The recent welter of more upbeat economic data has left the numbers in the latest construction industry forecasts pretty much unmoved, with the exception of private housing.
The broad view is still that this year will see output fall, between 1.5% and 3.8%, with recovery taking place sometime between the end of this year and sometime next year, depending on which forecast you look at.
Excluding private housing, there have been tweaks here and there as the forecasters have adjusted their numbers to account for various revisions to the official data. But broadly the direction and strength of change for most of the sectors is in line with the view taken in the Spring.
Naturally, the various forecasts differ on the strength of the recovery, with the Construction Products Association being the most optimistic and Hewes the least.
Hewes expects a small fall in output in 2014 and a negligible rise in 2015, whereas the Construction Products Association sees 2.2% growth in 2014 and 4.5% growth in 2015. Experian tracks somewhere in the middle of those two as is clear from the graph.
But by and large the latest forecasts represent fairly small tweaks in outlook much of which was necessary to accommodate revisions to data.
The notable exception is private housing, where both Hewes and the Construction Products Association forecasts have boosted their forecast growth for this year by more than 4%. This is on the back of the expected impact of the Government’s Help to Buy scheme, as evidence emerges that it may provide a short-term boost to activity.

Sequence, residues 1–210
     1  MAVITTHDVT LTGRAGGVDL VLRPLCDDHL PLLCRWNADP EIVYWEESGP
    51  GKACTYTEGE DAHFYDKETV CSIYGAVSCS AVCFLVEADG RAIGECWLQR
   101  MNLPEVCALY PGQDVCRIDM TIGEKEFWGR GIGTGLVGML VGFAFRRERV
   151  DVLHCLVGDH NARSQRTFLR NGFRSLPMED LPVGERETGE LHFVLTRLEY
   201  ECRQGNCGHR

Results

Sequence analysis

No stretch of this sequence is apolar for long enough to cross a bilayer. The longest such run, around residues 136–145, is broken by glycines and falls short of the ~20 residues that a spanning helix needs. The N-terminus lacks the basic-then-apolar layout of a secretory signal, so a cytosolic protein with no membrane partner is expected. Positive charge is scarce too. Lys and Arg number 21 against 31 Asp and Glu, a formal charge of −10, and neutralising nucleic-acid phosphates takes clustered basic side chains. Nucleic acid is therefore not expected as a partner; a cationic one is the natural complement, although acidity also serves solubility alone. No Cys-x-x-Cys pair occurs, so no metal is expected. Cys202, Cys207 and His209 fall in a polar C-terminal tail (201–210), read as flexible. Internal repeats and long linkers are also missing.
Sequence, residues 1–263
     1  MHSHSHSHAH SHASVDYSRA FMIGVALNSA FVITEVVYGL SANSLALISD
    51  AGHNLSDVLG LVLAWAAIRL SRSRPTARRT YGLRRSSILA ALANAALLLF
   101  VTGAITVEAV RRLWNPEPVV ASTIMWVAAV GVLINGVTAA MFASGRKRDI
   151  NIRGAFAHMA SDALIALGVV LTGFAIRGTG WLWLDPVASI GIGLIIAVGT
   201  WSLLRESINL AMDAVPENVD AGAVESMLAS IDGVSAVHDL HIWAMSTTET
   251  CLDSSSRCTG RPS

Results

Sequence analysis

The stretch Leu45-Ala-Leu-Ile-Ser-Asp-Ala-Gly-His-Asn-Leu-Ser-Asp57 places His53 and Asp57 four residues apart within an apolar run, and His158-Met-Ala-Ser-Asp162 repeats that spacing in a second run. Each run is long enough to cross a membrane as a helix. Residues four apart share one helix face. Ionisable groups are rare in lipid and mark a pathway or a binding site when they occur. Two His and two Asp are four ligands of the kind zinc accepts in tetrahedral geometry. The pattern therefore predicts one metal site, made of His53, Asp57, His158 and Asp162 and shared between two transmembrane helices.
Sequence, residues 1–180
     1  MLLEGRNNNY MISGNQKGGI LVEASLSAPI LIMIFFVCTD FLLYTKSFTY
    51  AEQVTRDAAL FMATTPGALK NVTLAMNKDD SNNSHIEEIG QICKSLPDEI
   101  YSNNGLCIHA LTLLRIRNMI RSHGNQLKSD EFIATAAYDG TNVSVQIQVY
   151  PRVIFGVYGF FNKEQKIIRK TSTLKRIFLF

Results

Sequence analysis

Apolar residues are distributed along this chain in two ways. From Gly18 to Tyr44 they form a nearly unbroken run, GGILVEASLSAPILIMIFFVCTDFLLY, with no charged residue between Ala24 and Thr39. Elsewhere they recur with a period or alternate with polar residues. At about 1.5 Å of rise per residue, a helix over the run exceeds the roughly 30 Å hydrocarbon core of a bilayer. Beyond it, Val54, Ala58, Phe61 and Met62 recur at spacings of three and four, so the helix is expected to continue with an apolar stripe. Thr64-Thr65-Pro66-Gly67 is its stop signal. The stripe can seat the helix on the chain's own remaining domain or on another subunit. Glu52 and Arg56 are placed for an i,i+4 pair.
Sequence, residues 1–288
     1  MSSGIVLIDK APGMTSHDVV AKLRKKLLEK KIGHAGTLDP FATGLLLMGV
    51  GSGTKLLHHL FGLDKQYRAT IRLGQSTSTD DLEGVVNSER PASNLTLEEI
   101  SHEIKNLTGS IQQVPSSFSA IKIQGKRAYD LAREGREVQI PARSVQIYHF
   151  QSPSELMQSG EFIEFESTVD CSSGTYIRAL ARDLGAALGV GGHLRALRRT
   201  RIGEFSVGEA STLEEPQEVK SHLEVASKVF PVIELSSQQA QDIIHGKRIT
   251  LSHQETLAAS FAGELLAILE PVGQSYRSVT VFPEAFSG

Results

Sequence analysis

If they are right this suggests somewhere between £600 million and £800 million more work this year and next than previously expected.
Interestingly, Experian chose not to reshape its forecast for private housing. This was not because it didn’t recognise the likelihood of a boost to production. It did. But it also recognised the possibility that the scheme could create a market bubble. Basically it is taking a cautious approach and reserving its judgement until there is more clarity over the scheme itself and the impact it is having.
For me though the most telling outcome of the latest round of forecasting is that on balance for all the promise of a strengthening recovery in the general economy the forecasters don’t see more work in 2015 than they expected to see when they forecast three months earlier.
But to take that at face value would rather miss one very important point. There appear to be fewer downside risks than there were. On that basis there’s something to be more cheerful about as the industry grinds its way out of a nasty recessionary period.